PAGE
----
A SOUTH-WEST victim of sexual assault has described the initial recommendations by the Royal Commission as “a start”.
“Any change is good,” the victim, who wanted to remain anonymous, said.
The victim said many of the perpetrators of child sexual abuse had been in positions of power and had betrayed that trust.
The Royal Commission into Institutional Responses to Child Sexual Abuse has recommended sweeping changes to criminal justice systems across Australia, including breaching the sanctity of the confessional to hold clergy responsible for reporting child sex crimes.
“Clergy should not be able to refuse to report because the information was received during confession,” said commission chief executive Philip Reid on Monday as the commission released its landmark Criminal Justice report.
“The royal commission heard of cases in religious settings where perpetrators who made a religious confession to sexually abusing children went on to reoffend and seek forgiveness. The report recommends there be no exemption, excuse, protection or privilege from the offence granted to clergy for failing to report information disclosed in connection with a religious confession.”
The report includes a broad range of legislative and policy changes, including reform to police and prosecution responses, evidence of complainants, sentences and appeals, and grooming offences.
The victim told The Standard “the more transparency, the better”.
The 85 recommendations in the report are in response to what commission chair Justice Peter McClellan described in April as the almost “insurmountable barriers” facing sexual abuse victims in the justice system.
They include the new offence of “failure to report”, after the commission heard extensive evidence from across the country showing victims and survivors of child sexual abuse reported the abuse both as children, and adults, with little or no response from institutions.
Clergy should not be able to refuse to report because the information was received during confession.
The commission has recommended failure to report child sex allegations should be a criminal offence across the country, and not just in NSW and Victoria which have offences for failing to report child sex allegations. In NSW four Catholic clergy have been charged with failing to disclose child sexual abuse allegations or perverting the course of justice relating to child sex allegations. All have been Hunter cases.
The late Hunter priest Father Tom Brennan was convicted of making a false statement to police when he falsely denied ever being told of child sex allegations involving notorious Hunter Catholic priest John Denham.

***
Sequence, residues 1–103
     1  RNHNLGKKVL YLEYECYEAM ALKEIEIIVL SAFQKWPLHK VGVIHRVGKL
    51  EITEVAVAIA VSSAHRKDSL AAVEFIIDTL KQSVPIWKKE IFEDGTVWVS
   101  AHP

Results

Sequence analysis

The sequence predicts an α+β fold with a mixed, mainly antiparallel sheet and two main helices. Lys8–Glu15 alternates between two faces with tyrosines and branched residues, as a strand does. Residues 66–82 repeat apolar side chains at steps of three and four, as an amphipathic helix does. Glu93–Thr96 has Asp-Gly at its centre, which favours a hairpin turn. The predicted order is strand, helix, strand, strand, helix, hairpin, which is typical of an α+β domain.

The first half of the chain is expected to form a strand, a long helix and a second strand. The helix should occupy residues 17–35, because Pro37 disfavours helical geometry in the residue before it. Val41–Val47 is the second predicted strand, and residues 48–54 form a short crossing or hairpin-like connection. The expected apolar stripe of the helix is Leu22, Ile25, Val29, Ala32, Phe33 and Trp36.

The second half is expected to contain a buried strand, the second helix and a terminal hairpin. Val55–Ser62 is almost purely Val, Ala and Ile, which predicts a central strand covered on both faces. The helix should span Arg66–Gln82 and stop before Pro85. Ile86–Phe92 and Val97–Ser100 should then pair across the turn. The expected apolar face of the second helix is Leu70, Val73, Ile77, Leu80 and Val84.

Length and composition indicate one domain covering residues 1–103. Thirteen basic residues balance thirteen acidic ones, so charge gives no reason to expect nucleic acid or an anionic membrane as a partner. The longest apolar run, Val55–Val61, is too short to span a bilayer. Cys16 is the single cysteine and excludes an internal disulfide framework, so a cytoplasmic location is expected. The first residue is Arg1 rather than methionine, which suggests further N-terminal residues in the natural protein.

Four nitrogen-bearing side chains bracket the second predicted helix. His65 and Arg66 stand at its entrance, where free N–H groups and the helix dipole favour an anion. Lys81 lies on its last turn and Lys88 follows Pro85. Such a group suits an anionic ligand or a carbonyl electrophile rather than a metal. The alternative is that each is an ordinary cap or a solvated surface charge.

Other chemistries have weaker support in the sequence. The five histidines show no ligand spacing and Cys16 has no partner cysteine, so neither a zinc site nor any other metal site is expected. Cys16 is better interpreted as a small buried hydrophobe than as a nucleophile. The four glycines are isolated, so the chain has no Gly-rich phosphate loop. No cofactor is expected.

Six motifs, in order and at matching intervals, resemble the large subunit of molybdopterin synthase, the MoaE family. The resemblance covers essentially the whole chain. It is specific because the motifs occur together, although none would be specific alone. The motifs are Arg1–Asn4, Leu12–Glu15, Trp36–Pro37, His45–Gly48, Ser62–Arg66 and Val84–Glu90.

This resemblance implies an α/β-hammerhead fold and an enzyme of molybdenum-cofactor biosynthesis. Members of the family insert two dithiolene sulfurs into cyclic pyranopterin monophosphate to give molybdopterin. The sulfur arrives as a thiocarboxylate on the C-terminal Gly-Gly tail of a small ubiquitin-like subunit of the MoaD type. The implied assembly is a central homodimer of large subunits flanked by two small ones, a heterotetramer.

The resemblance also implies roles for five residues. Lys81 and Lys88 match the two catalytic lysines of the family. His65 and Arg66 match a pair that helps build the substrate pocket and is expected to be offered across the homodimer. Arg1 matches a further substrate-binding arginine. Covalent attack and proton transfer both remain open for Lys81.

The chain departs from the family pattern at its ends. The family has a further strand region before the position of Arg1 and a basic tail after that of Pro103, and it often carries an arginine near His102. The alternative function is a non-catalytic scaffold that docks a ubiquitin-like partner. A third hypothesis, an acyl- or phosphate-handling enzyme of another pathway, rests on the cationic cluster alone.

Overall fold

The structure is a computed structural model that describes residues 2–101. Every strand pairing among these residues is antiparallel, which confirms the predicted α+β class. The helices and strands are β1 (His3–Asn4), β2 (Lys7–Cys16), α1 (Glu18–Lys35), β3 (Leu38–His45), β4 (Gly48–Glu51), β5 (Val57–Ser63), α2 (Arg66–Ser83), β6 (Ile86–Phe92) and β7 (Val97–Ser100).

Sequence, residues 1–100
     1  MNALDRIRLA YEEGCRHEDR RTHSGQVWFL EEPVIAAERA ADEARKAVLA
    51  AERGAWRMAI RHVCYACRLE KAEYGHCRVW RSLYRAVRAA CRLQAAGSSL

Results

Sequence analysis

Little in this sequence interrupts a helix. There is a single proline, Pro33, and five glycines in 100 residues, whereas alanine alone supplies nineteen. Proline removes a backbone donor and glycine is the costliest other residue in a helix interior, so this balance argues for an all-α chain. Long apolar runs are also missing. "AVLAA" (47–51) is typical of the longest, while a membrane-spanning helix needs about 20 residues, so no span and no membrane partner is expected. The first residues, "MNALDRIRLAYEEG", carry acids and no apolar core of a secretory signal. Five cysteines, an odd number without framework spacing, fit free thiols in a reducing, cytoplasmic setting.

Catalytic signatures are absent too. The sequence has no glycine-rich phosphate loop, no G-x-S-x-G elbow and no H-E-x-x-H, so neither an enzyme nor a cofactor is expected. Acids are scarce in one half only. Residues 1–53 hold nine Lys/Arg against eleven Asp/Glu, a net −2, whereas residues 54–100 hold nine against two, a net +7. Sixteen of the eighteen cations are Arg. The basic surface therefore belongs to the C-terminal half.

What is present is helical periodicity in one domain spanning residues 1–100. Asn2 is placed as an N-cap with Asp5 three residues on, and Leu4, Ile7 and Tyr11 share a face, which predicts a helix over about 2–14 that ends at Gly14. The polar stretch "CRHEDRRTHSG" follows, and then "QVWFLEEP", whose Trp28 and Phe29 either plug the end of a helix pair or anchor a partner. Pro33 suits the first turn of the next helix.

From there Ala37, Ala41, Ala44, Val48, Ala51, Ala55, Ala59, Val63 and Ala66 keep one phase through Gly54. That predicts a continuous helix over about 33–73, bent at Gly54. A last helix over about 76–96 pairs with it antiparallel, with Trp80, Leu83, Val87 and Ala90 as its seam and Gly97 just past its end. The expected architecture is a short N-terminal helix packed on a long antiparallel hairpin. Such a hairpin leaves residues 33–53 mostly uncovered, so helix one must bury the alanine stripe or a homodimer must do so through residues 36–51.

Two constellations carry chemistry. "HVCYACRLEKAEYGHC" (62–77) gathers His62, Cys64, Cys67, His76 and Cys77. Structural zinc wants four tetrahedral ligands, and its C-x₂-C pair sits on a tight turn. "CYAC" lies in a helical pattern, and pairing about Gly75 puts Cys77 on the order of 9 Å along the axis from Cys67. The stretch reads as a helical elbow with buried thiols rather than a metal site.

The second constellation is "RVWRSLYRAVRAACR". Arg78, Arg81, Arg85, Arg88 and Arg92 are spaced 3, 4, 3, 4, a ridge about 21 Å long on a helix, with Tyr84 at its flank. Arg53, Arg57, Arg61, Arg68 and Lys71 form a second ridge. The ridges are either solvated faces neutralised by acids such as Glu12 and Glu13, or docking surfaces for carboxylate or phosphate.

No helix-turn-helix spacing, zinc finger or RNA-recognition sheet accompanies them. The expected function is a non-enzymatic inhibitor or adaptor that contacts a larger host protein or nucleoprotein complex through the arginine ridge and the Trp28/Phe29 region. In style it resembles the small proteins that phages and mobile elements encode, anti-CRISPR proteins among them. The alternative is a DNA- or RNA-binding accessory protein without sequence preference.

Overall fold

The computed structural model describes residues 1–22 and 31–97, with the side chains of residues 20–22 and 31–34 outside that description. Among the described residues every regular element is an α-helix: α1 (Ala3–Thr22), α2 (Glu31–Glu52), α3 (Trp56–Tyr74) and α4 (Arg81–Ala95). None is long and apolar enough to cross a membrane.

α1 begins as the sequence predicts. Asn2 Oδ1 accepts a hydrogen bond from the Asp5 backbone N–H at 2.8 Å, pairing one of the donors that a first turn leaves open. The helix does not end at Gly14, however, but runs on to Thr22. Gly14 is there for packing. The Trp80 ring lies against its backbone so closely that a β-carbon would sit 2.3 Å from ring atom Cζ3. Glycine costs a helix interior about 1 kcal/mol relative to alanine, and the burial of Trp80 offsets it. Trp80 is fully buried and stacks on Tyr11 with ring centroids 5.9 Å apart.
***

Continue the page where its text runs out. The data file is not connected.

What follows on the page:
Mr Reid said people in institutions “should report if they know, suspect or should have suspected a child is being, or has been, sexually abused”.
The royal commission has recommended that failure to protect a child within an institution from a substantial risk of sexual abuse by an adult associated with the institution should be made a criminal offence.
“The commission heard of many cases where perpetrators were moved between schools and other sites operated by the same institutions when an allegation against them was raised. They continued to abuse children in new locations,” Mr Reid said.
“All states and territories should introduce a failure to protect offence. The legislation already introduced in Victoria provides a useful precedent.”
The royal commission has recommended new laws on grooming that include the grooming of a parent or carer by a child sex offender, after extensive evidence of perpetrators ingratiating themselves with families to gain access to vulnerable children.
The commission has also recommended legislative changes to allow greater use of evidence by multiple victims where there is a single perpetrator, and greater use of joint trials.
“In a number of cases examined by the royal commission, juries have been denied the opportunity to hear accounts that give the true picture of what is alleged to have happened,” Mr Reid said.
The royal commission found there had been unwarranted acquittals after trials where juries heard evidence only from one victim, despite perpetrators having multiple victims.
Research and data examined by the royal commission found concerns that evidence from multiple victims carried a high risk of unfair prejudice to the accused were misplaced.
Mr Reid said the Criminal Justice report recommendations responded to lower rates of sexual abuse convictions in the criminal justice system when compared with conviction rates for other criminal offences.
Although the commission had focused on child sexual abuse in institutions, the 85 recommendations are likely to improve responses to child sexual abuse in all contexts, Mr Reid said.
- With The Newcastle Herald